The U.S. has made it clear that it will not ease sanctions on the North until there is progress in North Korea’s denuclearization. Nevertheless, in a highly conciliatory measure, the U.S. paved the way for governments and international organizations to provide humanitarian aid to North Korea in a transparent way. I think the U.S. has been deeply worried that North Korean citizens may suffer from damage because of the sanctions. The U.S. came up with the draft of the guidelines in an apparent move to prevent the sanctions from making the lives of North Korean residents difficult.
The U.S. has been rather inflexible on North Korea’s demand for easing sanctions, but it has now decided to expedite the process of giving humanitarian aid to the North. In line with the decision, South Korea’s assistance for the North is also expected to pick up steam. A warm diplomatic breeze has blown into South-North relations lately, thanks to two inter-Korean summits this year and bilateral exchanges in various areas. Still, the Seoul government has yet to resume its humanitarian aid for the North, out of concern that South Korea’s aid for North Korea amid international sanctions might disrupt concerted pressure on the North. But the latest U.N. move is expected to prompt the South Korean government to donate funds to international organizations—a plan that the government has postponed nearly for a year.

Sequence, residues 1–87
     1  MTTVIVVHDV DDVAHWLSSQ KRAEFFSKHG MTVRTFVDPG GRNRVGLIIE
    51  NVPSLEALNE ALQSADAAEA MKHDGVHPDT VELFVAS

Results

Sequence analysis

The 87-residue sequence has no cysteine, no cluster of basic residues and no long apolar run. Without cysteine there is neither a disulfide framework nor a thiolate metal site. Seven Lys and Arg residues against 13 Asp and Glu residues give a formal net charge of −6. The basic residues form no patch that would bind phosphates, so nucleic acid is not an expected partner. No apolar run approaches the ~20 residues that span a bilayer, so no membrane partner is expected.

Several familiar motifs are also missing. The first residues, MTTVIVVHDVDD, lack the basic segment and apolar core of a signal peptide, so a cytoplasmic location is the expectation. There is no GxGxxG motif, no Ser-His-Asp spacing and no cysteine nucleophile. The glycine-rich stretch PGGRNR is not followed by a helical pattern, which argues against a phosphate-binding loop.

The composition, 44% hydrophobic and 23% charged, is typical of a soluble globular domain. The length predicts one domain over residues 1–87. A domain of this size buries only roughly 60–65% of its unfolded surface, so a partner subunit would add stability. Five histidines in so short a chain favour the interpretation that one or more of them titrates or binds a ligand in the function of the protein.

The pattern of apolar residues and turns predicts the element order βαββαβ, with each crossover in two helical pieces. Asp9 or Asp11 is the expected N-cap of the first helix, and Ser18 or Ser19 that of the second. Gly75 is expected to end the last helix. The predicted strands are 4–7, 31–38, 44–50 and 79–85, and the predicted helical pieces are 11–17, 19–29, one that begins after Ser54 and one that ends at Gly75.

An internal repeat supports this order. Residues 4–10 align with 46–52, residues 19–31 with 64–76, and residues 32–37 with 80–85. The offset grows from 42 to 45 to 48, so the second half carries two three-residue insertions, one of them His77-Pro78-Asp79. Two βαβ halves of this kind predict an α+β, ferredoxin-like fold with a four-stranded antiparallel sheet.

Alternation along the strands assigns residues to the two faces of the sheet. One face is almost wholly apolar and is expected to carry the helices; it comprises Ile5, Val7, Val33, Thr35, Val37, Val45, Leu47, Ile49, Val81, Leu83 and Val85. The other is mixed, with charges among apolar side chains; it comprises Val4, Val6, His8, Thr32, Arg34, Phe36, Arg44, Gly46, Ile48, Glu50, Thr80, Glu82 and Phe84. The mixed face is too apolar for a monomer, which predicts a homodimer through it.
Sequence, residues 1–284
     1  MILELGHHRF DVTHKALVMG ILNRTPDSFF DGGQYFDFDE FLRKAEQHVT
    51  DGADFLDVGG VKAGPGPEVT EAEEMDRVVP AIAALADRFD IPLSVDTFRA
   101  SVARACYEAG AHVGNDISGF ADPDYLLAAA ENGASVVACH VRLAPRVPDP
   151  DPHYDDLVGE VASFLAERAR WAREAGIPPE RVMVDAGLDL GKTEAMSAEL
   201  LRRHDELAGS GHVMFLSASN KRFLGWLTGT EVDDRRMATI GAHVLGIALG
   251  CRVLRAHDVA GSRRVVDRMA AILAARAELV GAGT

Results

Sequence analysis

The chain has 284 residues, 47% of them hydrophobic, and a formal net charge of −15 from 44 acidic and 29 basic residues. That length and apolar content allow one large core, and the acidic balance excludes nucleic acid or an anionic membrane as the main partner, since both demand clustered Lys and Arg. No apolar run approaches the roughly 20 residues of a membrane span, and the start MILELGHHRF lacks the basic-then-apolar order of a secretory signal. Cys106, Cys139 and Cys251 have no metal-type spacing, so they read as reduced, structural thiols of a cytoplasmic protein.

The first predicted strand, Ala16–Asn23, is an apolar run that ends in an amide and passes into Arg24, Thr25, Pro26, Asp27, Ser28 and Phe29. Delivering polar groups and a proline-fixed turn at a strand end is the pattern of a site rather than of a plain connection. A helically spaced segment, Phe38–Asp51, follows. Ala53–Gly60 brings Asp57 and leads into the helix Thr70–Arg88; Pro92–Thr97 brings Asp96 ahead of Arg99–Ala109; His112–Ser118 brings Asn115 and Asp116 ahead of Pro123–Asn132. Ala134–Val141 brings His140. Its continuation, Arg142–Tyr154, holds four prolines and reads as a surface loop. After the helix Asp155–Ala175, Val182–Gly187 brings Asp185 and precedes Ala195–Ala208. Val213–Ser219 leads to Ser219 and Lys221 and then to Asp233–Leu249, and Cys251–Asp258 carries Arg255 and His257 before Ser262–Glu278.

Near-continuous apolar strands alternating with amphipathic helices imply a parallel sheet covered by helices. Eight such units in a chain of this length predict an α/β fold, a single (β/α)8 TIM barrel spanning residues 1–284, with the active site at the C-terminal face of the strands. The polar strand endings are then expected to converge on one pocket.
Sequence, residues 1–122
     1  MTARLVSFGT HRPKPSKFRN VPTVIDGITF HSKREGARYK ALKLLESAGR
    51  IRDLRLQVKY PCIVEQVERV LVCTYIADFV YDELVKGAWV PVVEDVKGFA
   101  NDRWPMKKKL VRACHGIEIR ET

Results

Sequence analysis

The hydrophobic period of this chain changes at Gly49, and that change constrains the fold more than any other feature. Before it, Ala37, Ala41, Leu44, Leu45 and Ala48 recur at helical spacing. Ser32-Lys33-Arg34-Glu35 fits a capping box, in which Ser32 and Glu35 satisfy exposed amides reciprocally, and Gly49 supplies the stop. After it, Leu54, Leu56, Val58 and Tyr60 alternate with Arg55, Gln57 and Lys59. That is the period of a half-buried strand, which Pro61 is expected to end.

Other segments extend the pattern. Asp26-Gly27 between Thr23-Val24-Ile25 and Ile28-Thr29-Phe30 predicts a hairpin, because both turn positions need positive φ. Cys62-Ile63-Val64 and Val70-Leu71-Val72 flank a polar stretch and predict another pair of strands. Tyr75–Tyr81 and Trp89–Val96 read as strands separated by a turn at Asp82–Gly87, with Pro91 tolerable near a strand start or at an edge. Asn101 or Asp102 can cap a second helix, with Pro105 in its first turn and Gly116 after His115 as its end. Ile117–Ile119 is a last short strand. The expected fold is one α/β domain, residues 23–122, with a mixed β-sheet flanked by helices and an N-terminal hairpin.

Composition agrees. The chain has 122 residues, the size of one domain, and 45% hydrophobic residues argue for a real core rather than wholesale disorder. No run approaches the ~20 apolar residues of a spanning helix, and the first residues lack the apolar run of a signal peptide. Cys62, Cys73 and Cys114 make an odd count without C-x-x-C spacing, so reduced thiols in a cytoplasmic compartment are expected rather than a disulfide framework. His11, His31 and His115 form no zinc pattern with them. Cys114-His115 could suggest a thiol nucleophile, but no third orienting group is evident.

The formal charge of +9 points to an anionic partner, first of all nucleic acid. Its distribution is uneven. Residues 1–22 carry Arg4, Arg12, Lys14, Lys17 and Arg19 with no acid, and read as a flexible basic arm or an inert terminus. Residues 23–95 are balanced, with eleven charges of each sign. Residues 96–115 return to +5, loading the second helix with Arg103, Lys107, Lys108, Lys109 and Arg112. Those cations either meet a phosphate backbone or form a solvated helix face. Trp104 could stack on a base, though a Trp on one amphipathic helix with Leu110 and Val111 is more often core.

In September last year, South Korea unveiled a plan to provide 8 million US dollars worth of humanitarian aid, including nutritional products for children and pregnant women, to North Korea through the World Food Program and U.N. Children’s Fund. However, the government has delayed executing the plan due to worsening public sentiment about North Korea’s repeated provocations. But this year, there have been positive diplomatic developments such as the inter-Korea summit, the North Korea-U.S. summit and most recently, the new U.N. guidelines for North Korean aid. If the U.N. sanctions committee approves South Korea’s letter containing a full explanation of its 8-million-dollar plan, Seoul will be able to resume its state-level humanitarian assistance for the North. I think the government will carefully examine this matter soon.
If the international community, including South Korea, moves up the date for resuming humanitarian aid for North Korea, Pyongyang’s attitude will be more flexible and softer. Humanitarian assistance will benefit the lives of North Korean citizens, of course, and the North could interpret the U.S.-proposed guidelines as a positive gesture.
The Kim Jong-un regime has shown more interest in economic growth through development and cooperation, rather than in humanitarian aid. Even so, North Korea will certainly welcome the new U.N. guidelines. With North Korea and the U.S. engaging in negotiations over denuclearization and a regime security guarantee, the U.S. moved fast to draw up the guidelines for North Korean aid. I think Pyongyang will read it as a positive signal.
CBS News in the U.S. described the new U.N. guidelines as a small olive branch extended to North Korea. Washington’s latest reconciliatory gesture is raising hopes for a better relationship between the two countries. We’ll have to wait and see whether the positive momentum will help provide a breakthrough in North Korea’s denuclearization.